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In the seventeenth and eighteenth centuries clockmaking was a vital European technology, and London was at its cutting edge. As a maritime nation, the British were concerned with one problem in particular: they could make clocks that kept very good time as long as they stayed perfectly still but not when they were shaken about, and particularly not on board a rolling ship. If you wanted to sail, it was impossible to keep a precise record of time. And at sea, if you can’t tell the time, you don’t know how far east or west you are. It is relatively easy to calculate latitude―your distance north or south of the equator―by measuring the height of the Sun above the horizon at noon; but this won’t let you calculate longitude―your position east or west.
The problem of ______________ at sea was finally cracked in the middle of the eighteenth century by John Harrison, who invented a clock―a marine chronometer―which could go on precisely telling the time in spite of the constant movement of a ship, thus making it possible for the first time for ships anywhere to establish their longitude. Before a ship set sail, its chronometer would be set to the local time in harbour―for the British this was usually Greenwich. Once at sea, you could then compare the time at Greenwich with the time of noon on board ship, which you fixed by the Sun; the difference between the two times gave you your longitude. There are twentyfour hours in the day so, as the Earth rotates, every hour the Sun apparently ‘moves’ across the sky one twentyfourth of a complete circle of the globe―that is, 15 degrees. If you are three hours behind the time in Greenwich, you are 45 degrees west―in the middle of the Atlantic.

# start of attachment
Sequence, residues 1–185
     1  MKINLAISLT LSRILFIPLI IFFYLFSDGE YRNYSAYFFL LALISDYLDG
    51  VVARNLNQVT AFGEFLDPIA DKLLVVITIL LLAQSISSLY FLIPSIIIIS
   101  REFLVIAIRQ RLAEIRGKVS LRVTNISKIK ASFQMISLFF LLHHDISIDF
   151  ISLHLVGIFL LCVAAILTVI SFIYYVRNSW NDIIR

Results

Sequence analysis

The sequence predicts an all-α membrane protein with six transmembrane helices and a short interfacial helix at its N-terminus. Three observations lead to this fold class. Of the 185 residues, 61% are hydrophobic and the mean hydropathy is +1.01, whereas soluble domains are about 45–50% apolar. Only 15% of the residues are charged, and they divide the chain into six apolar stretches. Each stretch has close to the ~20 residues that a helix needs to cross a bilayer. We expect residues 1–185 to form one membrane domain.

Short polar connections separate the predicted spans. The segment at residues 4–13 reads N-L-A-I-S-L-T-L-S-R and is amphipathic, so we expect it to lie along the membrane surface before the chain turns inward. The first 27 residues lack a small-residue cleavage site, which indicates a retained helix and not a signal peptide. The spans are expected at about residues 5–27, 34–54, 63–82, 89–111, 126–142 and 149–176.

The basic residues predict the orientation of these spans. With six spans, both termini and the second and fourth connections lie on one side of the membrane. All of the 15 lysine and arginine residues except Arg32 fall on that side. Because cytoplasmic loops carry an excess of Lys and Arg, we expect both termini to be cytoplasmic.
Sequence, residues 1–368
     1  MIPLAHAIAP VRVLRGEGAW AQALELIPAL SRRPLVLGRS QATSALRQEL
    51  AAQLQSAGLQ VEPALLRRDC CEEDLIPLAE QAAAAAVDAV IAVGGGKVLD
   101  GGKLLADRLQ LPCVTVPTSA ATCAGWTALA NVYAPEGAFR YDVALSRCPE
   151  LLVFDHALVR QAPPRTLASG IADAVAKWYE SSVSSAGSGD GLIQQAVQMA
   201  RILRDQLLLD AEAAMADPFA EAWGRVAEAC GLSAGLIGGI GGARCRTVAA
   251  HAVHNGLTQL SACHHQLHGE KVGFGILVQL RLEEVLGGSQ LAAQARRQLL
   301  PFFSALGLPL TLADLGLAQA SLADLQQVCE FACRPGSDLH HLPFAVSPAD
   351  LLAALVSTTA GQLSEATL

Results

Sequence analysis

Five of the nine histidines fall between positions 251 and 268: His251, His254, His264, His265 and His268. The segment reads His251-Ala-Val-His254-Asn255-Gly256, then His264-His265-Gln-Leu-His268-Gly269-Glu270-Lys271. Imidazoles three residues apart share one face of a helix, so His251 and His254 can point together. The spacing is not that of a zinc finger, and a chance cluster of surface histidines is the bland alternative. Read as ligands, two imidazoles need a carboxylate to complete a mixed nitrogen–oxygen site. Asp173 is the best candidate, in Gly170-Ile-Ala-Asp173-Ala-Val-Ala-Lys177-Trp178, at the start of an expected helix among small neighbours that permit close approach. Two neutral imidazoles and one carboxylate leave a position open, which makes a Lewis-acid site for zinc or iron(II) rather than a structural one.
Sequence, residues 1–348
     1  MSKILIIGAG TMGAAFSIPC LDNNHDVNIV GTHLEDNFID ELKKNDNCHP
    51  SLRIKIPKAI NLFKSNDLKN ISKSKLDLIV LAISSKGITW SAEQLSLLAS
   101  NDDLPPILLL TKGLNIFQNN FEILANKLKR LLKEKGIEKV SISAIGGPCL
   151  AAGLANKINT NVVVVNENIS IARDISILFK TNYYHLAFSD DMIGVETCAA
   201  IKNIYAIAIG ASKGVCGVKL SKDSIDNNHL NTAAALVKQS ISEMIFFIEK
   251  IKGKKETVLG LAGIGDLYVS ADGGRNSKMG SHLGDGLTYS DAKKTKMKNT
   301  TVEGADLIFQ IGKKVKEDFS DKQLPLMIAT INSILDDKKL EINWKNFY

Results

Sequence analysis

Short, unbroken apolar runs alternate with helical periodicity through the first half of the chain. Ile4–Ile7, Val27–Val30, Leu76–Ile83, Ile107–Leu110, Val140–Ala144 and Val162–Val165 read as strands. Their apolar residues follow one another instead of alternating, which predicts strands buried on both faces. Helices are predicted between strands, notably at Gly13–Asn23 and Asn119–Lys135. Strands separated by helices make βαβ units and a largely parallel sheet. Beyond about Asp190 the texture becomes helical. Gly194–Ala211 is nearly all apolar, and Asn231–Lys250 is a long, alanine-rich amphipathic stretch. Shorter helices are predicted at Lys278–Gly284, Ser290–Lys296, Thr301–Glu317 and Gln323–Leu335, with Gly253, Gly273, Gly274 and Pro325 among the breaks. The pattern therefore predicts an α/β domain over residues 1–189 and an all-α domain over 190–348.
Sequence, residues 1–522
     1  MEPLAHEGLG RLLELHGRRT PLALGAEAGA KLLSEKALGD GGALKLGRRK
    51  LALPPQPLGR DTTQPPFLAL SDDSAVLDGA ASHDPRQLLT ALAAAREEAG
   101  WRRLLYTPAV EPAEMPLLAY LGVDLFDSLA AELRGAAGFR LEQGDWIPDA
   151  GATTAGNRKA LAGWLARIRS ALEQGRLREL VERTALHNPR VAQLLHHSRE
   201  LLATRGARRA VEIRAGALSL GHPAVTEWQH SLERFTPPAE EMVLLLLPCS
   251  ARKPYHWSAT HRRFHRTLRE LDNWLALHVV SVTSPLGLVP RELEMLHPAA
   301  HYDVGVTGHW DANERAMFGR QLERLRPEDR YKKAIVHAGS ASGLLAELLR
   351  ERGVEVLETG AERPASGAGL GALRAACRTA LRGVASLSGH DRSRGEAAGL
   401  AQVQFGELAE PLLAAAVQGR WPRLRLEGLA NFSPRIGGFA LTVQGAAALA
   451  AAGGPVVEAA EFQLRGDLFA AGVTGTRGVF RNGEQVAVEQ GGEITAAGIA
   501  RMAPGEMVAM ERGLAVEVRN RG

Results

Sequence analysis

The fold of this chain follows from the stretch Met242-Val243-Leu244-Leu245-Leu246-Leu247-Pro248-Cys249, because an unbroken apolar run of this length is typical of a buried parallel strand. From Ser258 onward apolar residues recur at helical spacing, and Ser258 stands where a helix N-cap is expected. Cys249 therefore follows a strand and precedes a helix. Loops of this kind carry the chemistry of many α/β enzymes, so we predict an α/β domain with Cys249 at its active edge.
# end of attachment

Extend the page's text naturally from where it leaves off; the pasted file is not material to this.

*chronometer: (천문·항해용) 정밀 시계